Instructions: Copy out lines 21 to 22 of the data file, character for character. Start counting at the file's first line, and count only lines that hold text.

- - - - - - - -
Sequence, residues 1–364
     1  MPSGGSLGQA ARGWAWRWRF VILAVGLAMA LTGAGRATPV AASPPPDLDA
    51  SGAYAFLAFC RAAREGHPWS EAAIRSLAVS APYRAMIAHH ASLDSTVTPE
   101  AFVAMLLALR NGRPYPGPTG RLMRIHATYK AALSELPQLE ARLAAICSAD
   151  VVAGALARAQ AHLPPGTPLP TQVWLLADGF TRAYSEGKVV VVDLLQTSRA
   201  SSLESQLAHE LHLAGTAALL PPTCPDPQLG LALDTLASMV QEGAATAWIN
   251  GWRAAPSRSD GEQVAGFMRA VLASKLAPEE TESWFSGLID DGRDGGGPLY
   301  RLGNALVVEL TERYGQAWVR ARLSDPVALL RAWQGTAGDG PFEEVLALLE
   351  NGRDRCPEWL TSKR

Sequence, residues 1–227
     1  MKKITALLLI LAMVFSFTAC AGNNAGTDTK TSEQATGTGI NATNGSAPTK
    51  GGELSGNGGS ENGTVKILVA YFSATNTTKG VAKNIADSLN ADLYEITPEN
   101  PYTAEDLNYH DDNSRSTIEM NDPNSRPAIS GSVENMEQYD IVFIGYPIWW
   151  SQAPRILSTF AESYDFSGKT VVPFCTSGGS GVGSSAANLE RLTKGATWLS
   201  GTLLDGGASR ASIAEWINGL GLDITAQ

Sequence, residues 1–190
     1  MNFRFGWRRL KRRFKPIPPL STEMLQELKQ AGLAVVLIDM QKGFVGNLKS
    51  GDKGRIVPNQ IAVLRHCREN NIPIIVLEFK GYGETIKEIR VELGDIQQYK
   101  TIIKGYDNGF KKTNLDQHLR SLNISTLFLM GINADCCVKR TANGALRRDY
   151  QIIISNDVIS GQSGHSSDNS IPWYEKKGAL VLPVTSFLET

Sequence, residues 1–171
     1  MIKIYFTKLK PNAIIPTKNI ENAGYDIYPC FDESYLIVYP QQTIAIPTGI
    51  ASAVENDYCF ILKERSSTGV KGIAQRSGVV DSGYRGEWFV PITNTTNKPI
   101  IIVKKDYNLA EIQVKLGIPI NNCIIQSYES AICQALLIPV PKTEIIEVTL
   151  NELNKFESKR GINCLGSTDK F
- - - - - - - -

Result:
Sequence, residues 1–171
     1  MIKIYFTKLK PNAIIPTKNI ENAGYDIYPC FDESYLIVYP QQTIAIPTGI